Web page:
It’s on occasions like today I realise how important it is to count blessings. When I looked around me in the crematorium, which was lined wall to wall with people, I really felt the value of the life that had been lost. I like to think I live my own life well enough to ensure a decent turn out to my own send-off, whenever that might be, but that’s not to say I can’t do more in whatever time I have left on this mortal coil to positively contribute to others’ lives, to make them feel valued, supported and loved as they have me. I felt particularly grateful today at the wake, when I recognised the fantastic and extensive support network of friends I still have from university – not something everyone can claim to have sustained a decade after graduation. This friendship group is special and, despite not getting together nearly as often as we’d like, it is also lasting. I know I’m being a soppy cow but sometimes it’s just nice to take a moment to reflect on all the good things. And I’m sure that somewhere up there in the ether, glass of champagne in hand, Brian Simonite is doing just that too. Cheers, Brian.

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Strengthening Resolve / Finding Wings

It’s been five months since the end of my ‘write every day of 2013’ challenge and I can feel myself drifting. The desire to write – to be a ‘writer’ – has never been stronger, but when I do sit down to write it’s piecemeal, and my attention dots around from short story to novel to sitcom script (this latest addition being the result of my signing up for an eight week sitcom class with the City Academy) like a bee collecting nectar in a flower field. It seems I’ve lost my focus, or my confidence, or both.

I miss the halcyon days of being involved in writers’ groups, both online and in the ‘real’ world. At their best, they offered valuable critique, support and – above all else – comfort that other people were in a similar situation and going through the same painstaking process. Just knowing that others in the group were feverishly beavering away at their works-in-progress was enough to encourage me to do the same, and my output in the early years of my involvement in such groups was impressive.

At their worst, however, I found writing groups to be time-wasting (when you’ve spent two hours critiquing someone else’s work only to find they don’t have the common decency to critique yours in return it makes you wonder whether you should have spent the two hours working on your own writing instead), demoralising (for the same reason) and, well, downright sad (one woman started coming to every meeting with a clutch of business cards and invites to her latest ‘launch’ event – despite the fact she had self-published her book because no publisher in their right mind would print her terrible, clunky prose. I knew when I began to dread hearing her read her latest excerpt that it was time to leave that particular group for good, although I did so with a heavy heart).

My one remaining solace is being a member of a private writers’ group on Facebook, where many of my ‘old’ online writing buddies have also migrated. A lot of them are published now, and I have nothing but admiration for them. I also know the reason they are published and I am not comes down to one primary factor: Resolve. They have not allowed pithy excuses like having too little time to write (my personal favourite) to stop them from doing what runs through their blood. No. They have made the time to turn their works-in-progress into works-in-print, and in doing so have set their creative spirits free to soar into the literary galaxy and beyond.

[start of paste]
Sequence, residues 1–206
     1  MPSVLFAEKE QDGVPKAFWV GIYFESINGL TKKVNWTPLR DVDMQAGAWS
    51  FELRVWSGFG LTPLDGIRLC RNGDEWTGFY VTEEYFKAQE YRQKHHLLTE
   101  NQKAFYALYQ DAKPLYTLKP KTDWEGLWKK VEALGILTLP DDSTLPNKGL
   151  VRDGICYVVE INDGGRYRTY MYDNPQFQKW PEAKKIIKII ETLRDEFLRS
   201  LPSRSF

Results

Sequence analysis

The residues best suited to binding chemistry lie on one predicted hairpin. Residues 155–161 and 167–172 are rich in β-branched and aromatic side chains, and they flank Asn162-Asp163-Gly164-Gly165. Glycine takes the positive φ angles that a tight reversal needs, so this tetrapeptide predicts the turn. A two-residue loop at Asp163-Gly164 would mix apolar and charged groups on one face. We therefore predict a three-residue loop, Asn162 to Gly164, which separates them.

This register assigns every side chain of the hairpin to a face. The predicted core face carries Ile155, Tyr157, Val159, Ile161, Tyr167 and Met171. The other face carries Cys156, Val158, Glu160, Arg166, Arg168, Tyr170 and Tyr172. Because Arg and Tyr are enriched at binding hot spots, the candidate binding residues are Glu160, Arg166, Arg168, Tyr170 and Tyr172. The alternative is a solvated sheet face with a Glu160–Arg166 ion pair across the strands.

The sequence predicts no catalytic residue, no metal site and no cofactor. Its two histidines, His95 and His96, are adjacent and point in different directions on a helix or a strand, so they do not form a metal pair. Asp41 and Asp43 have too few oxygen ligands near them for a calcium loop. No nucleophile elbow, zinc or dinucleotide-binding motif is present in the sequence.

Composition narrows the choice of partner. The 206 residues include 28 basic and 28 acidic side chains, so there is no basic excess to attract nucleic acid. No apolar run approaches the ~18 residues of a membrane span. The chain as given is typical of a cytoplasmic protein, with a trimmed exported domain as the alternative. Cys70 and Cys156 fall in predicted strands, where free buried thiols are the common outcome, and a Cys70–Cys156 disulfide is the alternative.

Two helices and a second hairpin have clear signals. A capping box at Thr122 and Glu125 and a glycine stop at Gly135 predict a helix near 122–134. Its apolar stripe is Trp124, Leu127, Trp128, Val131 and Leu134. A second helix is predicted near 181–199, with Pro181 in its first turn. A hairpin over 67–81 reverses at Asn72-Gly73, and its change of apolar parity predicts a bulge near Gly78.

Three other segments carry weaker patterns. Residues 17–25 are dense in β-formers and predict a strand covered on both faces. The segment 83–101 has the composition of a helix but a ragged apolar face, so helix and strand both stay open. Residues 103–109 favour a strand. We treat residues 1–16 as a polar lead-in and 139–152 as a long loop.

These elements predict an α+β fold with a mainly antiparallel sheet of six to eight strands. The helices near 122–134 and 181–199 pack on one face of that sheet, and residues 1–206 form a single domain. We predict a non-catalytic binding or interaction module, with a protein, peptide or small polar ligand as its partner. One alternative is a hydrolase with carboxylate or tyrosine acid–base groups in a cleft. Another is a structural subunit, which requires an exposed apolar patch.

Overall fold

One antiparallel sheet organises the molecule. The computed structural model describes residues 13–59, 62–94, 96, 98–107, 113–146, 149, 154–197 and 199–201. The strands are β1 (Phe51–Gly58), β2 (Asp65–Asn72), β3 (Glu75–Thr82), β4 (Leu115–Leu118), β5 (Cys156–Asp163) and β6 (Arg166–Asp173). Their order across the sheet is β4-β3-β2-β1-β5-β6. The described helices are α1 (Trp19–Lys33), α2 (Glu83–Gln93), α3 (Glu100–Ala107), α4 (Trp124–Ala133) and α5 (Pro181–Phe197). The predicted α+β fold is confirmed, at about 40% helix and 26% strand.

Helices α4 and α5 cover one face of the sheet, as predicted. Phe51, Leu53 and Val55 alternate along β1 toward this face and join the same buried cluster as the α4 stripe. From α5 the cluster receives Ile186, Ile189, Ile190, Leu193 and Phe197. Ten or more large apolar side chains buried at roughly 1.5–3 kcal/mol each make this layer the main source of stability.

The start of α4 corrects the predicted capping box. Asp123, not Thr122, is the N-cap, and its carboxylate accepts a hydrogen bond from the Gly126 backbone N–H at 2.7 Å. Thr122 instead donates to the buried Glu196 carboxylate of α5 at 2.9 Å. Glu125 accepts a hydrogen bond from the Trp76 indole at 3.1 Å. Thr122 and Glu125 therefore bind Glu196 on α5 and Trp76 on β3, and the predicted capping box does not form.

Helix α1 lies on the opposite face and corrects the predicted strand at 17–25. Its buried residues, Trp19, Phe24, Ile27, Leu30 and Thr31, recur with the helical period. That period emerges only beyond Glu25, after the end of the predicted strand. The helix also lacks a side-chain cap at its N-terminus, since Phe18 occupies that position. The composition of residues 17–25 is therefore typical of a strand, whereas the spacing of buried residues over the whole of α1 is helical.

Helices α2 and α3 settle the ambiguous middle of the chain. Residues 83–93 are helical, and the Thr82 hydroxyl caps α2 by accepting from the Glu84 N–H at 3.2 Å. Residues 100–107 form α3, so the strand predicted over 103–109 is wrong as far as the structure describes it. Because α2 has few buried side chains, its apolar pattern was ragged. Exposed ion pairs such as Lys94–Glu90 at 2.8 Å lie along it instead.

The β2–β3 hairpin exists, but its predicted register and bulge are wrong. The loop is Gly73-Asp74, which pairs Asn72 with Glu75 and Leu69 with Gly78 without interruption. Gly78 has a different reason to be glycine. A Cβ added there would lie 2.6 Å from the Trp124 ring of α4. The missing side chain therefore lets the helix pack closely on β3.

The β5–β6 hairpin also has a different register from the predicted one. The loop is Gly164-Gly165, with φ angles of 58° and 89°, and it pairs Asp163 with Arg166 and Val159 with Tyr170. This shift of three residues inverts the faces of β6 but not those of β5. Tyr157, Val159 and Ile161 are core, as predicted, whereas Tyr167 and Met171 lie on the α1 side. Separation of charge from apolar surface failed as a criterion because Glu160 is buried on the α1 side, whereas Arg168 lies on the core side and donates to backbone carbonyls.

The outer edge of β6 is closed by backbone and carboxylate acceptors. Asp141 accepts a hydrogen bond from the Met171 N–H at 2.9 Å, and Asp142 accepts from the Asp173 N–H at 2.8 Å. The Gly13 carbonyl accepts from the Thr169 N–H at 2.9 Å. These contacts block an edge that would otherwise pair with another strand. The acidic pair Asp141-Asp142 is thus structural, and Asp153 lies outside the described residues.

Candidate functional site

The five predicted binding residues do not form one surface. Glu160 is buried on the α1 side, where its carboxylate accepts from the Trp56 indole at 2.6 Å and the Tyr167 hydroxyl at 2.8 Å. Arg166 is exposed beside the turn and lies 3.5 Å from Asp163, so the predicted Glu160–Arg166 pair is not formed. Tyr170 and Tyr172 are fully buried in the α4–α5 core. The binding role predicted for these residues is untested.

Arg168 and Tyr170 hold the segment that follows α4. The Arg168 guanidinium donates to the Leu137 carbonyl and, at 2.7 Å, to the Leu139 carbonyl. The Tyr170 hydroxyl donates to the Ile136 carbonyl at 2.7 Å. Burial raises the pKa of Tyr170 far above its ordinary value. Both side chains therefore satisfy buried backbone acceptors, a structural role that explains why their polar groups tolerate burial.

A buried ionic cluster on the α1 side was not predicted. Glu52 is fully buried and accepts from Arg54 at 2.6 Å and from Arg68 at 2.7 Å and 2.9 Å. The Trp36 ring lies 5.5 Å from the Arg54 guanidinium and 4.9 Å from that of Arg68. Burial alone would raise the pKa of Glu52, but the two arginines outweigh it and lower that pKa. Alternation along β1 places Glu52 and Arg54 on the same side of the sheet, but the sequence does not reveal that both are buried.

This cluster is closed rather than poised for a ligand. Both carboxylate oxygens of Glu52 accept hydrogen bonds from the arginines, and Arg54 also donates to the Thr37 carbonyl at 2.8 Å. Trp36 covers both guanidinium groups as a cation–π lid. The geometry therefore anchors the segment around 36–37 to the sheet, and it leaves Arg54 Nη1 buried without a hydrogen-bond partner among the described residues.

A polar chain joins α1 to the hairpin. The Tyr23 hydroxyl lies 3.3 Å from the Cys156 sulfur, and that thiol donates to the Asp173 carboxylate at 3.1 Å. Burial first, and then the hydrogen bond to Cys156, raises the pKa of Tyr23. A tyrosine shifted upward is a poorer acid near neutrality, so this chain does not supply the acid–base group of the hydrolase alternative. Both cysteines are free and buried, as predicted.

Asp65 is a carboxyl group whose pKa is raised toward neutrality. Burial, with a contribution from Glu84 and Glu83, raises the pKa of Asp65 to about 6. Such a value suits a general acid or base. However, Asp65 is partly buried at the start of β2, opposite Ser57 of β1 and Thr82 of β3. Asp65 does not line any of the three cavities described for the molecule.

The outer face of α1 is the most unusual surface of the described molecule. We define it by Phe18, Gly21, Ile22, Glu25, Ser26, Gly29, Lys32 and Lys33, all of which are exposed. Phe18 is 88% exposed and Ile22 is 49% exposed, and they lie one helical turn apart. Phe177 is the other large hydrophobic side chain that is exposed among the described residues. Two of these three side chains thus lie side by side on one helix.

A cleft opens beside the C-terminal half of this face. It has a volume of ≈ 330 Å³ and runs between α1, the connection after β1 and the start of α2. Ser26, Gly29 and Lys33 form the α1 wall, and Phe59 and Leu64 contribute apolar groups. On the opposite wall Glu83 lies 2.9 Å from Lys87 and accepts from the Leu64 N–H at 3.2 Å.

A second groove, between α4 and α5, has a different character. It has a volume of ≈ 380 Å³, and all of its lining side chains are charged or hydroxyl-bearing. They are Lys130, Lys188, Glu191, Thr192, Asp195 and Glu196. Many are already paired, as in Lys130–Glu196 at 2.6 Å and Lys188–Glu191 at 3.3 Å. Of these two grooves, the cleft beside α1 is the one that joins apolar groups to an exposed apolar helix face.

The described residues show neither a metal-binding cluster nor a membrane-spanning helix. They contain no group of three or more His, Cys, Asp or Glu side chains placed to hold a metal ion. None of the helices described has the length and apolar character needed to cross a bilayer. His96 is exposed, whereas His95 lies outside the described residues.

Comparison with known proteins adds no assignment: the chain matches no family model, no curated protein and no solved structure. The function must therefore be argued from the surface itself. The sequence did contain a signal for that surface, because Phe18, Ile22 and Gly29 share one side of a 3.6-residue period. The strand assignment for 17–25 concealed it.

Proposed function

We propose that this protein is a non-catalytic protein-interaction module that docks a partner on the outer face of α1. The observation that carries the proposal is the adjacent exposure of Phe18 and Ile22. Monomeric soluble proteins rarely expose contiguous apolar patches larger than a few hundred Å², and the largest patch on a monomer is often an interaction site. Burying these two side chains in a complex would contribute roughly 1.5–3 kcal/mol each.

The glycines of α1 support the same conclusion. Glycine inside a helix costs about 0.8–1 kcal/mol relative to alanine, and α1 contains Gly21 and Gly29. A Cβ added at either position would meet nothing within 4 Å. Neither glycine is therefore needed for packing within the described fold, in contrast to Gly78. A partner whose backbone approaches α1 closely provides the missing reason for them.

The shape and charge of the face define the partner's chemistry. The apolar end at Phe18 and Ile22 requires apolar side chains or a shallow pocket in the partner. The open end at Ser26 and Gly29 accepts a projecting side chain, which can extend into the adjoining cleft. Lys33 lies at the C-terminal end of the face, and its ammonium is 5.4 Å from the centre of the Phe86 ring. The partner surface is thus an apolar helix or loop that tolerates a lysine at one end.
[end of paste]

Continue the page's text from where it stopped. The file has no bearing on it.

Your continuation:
At this juncture I am therefore teetering on the precipice, knowing in my heart I cannot bear to let another year of writing promise slip through my fingers like the sands of time. And the obvious fact that’s been staring me in the face is only now making itself plainly and uncompromisingly clear: The ONLY way to overcome procrastination, writer’s block and crippling self-doubt is to WRITE: EVERY. SINGLE. DAY. Not necessarily on my blog but somewhere, and for a minimum of an hour each day. Only then will I earn my wings to fly. And, make no mistake, fly is what I absolutely intend to do.

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New Beginnings Part Two

Yesterday I spoke of new beginnings and adventures, and as a follow on from those sentiments I’ve saved this Christmas Day post for two very special people.

This couple have had a hellish start to married life after losing a dear friend who was usher at their wedding, then being evicted from their home by their mad elderly landlady and, most recently, having to endure illness over Christmas time (which they are having to work most of due to a lack of holiday).

These two, in particular my beautiful friend Bridget, have faced these hardships with the utmost of strength and fortitude, never once  complaining about their lot and simply getting on with things and facing them head on.

I have so much love and respect for them and just want to publicly acknowledge that I think they are amazing, and I wish them all the love and happiness that they truly deserve in the new year ahead.

So here’s to new beginnings for you too, Harry and my darling Little B. I wish you both a very Merry Christmas. May your year be filled with pandas and unicorns, and may you find the way ahead free of all burdens and obstructions. Love life. Seek adventure. Be happy.

Happy Christmas Everyone xxx